The extent of the setbacks facing English farmers may prompt some to quit, Knight Frank warned, but said that the land market was placed to "bounce" nonetheless from its slowest year since at least 2004.
Supplies of England land up for sale in 2013 may rise "as some highly-geared producers with one bad harvest in the barn, and another in the ground, decide to call it a day", Andrew Shirley, Knight Frank's head of rural property research, said.
The caution follows setbacks to farmers from the country's wettest year on record in 2012, marked by the worst wheat yields in 20 years, and the smallest potato harvest since the 1970s, and by poor sowing conditions which have left some growers without any winter crops in the ground.
Agrimoney.com cautioned earlier this week that this year could prove difficult for UK growers, who this time may not receive compensation in higher prices for disappointing harvests.
The impact of the poor 2012 harvest has already been felt on English farmland prices which fell 1.3% in the second half of the year.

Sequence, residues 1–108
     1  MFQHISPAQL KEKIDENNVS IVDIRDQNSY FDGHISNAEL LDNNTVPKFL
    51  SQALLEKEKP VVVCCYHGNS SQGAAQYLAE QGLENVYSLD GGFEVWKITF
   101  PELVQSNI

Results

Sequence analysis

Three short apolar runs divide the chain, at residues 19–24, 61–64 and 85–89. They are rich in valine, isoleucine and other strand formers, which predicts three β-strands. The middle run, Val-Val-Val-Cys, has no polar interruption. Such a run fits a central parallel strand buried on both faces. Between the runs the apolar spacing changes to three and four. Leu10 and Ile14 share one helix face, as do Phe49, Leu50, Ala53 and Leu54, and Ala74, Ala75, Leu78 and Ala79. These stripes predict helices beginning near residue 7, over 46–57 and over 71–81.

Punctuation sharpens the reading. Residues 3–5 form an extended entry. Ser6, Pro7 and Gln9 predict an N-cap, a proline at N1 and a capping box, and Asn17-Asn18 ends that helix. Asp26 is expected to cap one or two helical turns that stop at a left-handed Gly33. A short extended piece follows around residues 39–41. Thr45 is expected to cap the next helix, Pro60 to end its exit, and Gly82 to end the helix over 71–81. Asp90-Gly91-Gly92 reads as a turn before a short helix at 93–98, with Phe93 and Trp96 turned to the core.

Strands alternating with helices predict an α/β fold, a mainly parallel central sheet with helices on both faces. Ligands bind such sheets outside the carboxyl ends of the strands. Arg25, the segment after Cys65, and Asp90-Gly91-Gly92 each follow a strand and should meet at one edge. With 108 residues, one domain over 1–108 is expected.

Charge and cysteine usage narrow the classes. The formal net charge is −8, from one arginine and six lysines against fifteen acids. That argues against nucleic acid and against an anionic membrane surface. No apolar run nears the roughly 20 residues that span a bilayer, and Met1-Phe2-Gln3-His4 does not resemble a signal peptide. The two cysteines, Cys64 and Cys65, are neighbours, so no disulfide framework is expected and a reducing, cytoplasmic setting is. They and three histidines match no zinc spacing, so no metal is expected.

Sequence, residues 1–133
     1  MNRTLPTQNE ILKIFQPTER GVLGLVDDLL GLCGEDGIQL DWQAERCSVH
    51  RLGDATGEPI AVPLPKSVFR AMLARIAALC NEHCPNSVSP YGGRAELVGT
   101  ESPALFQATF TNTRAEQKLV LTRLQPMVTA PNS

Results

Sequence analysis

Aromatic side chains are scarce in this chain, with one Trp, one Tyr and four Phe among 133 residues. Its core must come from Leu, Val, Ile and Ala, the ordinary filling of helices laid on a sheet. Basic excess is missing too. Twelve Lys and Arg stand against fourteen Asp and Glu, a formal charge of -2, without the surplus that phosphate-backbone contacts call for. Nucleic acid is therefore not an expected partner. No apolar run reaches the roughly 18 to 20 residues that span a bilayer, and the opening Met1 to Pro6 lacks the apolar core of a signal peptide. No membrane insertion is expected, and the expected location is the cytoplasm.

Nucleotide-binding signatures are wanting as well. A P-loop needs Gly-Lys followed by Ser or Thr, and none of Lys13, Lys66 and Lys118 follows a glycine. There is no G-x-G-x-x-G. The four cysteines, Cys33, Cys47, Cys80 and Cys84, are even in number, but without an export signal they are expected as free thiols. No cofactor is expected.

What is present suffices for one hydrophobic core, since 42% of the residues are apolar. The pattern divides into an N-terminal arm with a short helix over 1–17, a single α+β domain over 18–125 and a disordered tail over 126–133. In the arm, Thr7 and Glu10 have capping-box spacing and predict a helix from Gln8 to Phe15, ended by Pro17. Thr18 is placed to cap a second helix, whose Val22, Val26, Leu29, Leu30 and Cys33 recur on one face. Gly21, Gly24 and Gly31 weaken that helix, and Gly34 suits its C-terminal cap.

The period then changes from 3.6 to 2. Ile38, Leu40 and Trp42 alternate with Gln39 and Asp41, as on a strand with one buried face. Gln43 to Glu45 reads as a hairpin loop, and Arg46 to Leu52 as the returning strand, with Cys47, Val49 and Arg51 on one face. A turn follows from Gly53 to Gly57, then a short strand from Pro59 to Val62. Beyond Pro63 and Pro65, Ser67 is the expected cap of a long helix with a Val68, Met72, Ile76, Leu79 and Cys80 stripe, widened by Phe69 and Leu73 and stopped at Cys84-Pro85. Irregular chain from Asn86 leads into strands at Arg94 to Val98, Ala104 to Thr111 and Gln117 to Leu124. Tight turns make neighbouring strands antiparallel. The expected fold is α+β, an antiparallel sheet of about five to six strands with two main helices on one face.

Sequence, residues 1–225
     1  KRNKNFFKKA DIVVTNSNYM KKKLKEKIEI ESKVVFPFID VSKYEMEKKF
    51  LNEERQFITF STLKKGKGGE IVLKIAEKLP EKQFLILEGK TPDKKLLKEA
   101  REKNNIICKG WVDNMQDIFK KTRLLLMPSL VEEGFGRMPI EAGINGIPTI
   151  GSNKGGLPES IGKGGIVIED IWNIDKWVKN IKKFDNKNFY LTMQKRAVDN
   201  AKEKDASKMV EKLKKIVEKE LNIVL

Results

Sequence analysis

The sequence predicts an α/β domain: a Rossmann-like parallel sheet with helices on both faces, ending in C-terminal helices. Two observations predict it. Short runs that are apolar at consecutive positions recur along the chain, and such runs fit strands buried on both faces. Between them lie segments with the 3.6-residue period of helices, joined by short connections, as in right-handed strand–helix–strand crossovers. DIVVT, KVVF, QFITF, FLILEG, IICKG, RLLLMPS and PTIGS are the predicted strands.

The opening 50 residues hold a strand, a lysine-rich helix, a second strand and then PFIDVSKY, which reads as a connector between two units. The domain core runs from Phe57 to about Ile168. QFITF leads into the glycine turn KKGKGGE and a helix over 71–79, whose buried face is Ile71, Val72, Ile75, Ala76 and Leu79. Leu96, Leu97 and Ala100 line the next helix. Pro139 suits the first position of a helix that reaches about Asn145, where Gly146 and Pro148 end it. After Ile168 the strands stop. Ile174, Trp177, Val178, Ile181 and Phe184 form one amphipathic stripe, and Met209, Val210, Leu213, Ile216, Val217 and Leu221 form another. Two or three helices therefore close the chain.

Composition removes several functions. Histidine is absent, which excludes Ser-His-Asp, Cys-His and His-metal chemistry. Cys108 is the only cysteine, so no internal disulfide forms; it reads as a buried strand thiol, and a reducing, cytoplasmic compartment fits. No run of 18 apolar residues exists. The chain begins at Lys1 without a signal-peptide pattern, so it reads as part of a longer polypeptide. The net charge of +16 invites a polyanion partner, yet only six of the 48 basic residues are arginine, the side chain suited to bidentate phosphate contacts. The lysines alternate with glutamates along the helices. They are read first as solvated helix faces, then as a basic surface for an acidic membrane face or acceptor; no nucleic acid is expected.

Annual rises in English farmland prices, according to Knight Frank
Indeed, London shares outperformed farmland in 2012 for the first time since the global financial crisis.
"Unsurprisingly, given the summer washout that badly affected harvest, all of the growth in farmland values came in the first half of the year," Mr Shirley said.
However, with factors including a threat of UK stamp duty tax changes, which has been resolved without injury to agriculture, also holding back values last year, Knight Frank was upbeat over prospects, pegging price growth in 2013 at 5%.
"Uncertainties and interruptions behind us create a clearer future, and this is no more demonstrated by the appearance of agricultural investors in the market," Clive Hopkins, head of Knight Frank's farms and estates department, said.
"Capital growth opportunities remain and this will attract national and international interest. We look forward to 2013 and the anticipated market 'bounce'."
Mr Shirley said that the extra farmland coming up for sale as highly-geared producers quit was "unlikely" to cause "the kind of glut that could pull back prices".